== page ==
You really can learn a lot from a dummy.
For decades, automakers have been crashing test dummies to gain insight to how various auto safety systems protect – or fail to protect – people during car accidents. But those dummies are made of plastic and steel, not tissue and bone. They can teach only so much.
A new generation of dummies will tell a lot more. An international group of automakers and suppliers has formed a Global Human Body Models Consortium to fund the best minds to build a better dummy.
Two teams of engineers with the University of Virginia's Center for Biomechanics will play major roles in the creation of this new "virtual" dummy, one that will live entirely within computers, but will be more realistic than any physical dummy ever subjected to a crash test.
These will be highly detailed computer dummies – computational models of a full human being – including extreme lifelike detail of the complexities and characteristics of flesh, bones, ligaments, blood vessels and organs.
"Already, cars and their safety systems are designed on computers," said Richard Kent, one of U.Va.'s team leaders on the project and a professor of mechanical and aerospace engineering. "It's logical that we would create a virtual crash test dummy that would allow us to test these safety systems before they are ever physically built."
Kent and his six-member team is charged with creating a highly detailed and realistic computer model of the human thorax and upper extremities, including the ribcage, muscles and ligaments, and the lungs and heart.
Jeff Crandall, a professor of mechanical and aerospace engineering and director of U.Va.'s Center for Applied Biomechanics, is leading another team in the development of a virtual pelvis and lower extremities. The Global Human Body Models Consortium recently awarded the two teams $3 million to complete their projects within the next few years.
Teams of researchers at six other universities and institutes are creating models of other parts of the human body, including the head, neck and abdomen.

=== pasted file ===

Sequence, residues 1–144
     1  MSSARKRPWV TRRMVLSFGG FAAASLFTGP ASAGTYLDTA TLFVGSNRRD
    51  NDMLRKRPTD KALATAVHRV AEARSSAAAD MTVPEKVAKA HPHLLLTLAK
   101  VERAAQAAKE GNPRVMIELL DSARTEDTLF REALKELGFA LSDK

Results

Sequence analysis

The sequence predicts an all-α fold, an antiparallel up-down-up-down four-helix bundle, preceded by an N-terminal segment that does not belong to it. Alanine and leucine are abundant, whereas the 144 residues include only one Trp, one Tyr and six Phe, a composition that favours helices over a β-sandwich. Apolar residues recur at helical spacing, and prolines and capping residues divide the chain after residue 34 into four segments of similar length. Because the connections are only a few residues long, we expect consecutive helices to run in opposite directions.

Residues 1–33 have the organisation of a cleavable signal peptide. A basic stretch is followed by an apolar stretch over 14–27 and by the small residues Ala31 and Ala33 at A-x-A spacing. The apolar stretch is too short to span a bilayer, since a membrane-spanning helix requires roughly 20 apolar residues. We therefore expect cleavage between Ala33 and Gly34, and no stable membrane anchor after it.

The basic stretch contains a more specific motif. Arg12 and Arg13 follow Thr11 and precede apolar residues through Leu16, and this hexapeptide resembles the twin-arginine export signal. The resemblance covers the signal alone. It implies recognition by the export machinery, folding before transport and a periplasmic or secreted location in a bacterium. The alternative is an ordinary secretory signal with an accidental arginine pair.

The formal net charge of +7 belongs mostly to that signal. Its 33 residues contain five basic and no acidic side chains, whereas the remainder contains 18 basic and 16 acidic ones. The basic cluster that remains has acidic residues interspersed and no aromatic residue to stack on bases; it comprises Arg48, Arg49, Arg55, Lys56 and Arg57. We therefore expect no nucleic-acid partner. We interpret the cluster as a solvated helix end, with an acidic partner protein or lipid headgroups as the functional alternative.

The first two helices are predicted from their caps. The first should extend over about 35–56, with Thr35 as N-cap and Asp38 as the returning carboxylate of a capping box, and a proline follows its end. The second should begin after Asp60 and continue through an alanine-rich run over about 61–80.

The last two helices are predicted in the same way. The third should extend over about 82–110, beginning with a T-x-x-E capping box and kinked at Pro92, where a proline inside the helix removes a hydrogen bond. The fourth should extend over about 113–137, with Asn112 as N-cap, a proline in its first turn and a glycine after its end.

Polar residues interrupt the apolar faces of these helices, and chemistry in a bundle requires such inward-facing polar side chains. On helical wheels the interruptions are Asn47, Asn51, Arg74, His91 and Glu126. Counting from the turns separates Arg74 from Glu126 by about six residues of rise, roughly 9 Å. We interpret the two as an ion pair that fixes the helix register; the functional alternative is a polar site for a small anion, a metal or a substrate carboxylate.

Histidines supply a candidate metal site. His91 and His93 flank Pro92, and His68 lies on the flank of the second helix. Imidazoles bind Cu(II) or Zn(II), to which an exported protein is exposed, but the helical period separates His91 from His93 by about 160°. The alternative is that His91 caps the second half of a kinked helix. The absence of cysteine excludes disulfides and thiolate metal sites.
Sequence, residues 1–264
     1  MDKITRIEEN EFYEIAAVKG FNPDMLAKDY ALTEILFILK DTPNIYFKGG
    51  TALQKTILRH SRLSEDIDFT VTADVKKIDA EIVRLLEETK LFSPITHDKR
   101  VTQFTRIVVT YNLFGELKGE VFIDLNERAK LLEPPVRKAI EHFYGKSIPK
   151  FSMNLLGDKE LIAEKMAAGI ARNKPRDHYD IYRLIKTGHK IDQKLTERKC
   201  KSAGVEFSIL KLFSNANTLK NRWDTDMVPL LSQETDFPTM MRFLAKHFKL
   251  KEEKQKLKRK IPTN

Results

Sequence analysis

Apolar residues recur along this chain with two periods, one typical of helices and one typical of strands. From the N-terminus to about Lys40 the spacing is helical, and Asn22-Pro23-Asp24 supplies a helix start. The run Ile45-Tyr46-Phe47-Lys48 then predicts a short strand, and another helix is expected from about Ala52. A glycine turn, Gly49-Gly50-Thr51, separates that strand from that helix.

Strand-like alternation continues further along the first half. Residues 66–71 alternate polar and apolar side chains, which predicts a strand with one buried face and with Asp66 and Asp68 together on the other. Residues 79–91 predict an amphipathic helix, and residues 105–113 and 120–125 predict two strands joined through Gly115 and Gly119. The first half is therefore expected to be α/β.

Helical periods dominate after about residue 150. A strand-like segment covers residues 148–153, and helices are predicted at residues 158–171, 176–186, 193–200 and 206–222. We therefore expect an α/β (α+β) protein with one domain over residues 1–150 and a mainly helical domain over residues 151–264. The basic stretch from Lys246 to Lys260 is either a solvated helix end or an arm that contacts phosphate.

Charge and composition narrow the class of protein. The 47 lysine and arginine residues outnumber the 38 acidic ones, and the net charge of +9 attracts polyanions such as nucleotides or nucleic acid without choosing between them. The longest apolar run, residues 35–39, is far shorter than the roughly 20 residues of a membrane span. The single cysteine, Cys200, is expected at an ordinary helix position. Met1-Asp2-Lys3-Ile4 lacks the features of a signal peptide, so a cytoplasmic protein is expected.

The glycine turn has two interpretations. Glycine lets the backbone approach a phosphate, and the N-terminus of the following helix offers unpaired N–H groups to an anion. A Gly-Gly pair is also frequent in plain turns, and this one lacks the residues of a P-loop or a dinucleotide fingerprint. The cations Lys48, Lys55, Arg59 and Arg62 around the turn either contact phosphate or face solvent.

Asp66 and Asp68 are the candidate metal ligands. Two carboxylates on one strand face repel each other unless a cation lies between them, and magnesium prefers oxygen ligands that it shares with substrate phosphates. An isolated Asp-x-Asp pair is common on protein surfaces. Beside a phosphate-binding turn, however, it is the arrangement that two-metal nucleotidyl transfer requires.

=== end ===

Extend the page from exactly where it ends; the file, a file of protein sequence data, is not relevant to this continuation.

"Eventually all of these models will be joined together to create the most sophisticated and lifelike simulation of the entire human body ever assembled for safety testing," said Damien Subit, a U.Va. research scientist working on the model of the thorax.
He said the virtual human will be subjected to nearly infinite virtual crash scenarios to determine in graphic detail what happens to organs, bone and tissue when subjected to forces and impacts from a range of angles at different velocities. Researchers will be able to see, in effect, how a neck breaks in a crash, how a lung is punctured by a broken rib or a liver is bruised or a hip shattered.
"We are creating models, based on the actual anatomic details of the human body, that will respond to stress and strain and impact in the same way the actual human body does, so we can see precisely how injuries occur," Kent said. "The ultimate result will be cars with far better safety systems, minimizing the severity of injuries and the frequency of fatalities."
The advantages of a virtual dummy, compared to the typical physical crash test dummy, are huge. Currently, a typical crash test costs about $5,000 to $100,000. A virtual crash will cost nearly nothing – once the dummy is developed. And a regular physical dummy, with a life span of about 10 years, must be repaired after each crash. A virtual dummy will be, in a sense, immortal, and could be used repeatedly in a far wider range of crash scenarios.